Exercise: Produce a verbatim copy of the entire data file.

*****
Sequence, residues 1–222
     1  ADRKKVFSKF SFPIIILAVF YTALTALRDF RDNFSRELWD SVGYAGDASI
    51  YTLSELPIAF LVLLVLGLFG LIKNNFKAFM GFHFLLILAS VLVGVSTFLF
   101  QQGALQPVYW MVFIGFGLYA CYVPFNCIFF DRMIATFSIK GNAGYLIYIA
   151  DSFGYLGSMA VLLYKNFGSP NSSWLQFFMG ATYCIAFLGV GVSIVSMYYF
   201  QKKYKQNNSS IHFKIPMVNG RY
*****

Sequence, residues 1–222
     1  ADRKKVFSKF SFPIIILAVF YTALTALRDF RDNFSRELWD SVGYAGDASI
    51  YTLSELPIAF LVLLVLGLFG LIKNNFKAFM GFHFLLILAS VLVGVSTFLF
   101  QQGALQPVYW MVFIGFGLYA CYVPFNCIFF DRMIATFSIK GNAGYLIYIA
   151  DSFGYLGSMA VLLYKNFGSP NSSWLQFFMG ATYCIAFLGV GVSIVSMYYF
   201  QKKYKQNNSS IHFKIPMVNG RY